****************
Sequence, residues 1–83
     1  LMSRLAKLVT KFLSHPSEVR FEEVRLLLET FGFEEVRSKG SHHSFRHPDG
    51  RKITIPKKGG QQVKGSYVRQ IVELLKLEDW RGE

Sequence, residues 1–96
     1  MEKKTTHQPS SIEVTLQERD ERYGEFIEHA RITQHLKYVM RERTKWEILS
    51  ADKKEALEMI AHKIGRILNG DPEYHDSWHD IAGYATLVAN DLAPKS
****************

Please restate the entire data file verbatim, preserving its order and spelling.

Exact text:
Sequence, residues 1–83
     1  LMSRLAKLVT KFLSHPSEVR FEEVRLLLET FGFEEVRSKG SHHSFRHPDG
    51  RKITIPKKGG QQVKGSYVRQ IVELLKLEDW RGE

Sequence, residues 1–96
     1  MEKKTTHQPS SIEVTLQERD ERYGEFIEHA RITQHLKYVM RERTKWEILS
    51  ADKKEALEMI AHKIGRILNG DPEYHDSWHD IAGYATLVAN DLAPKS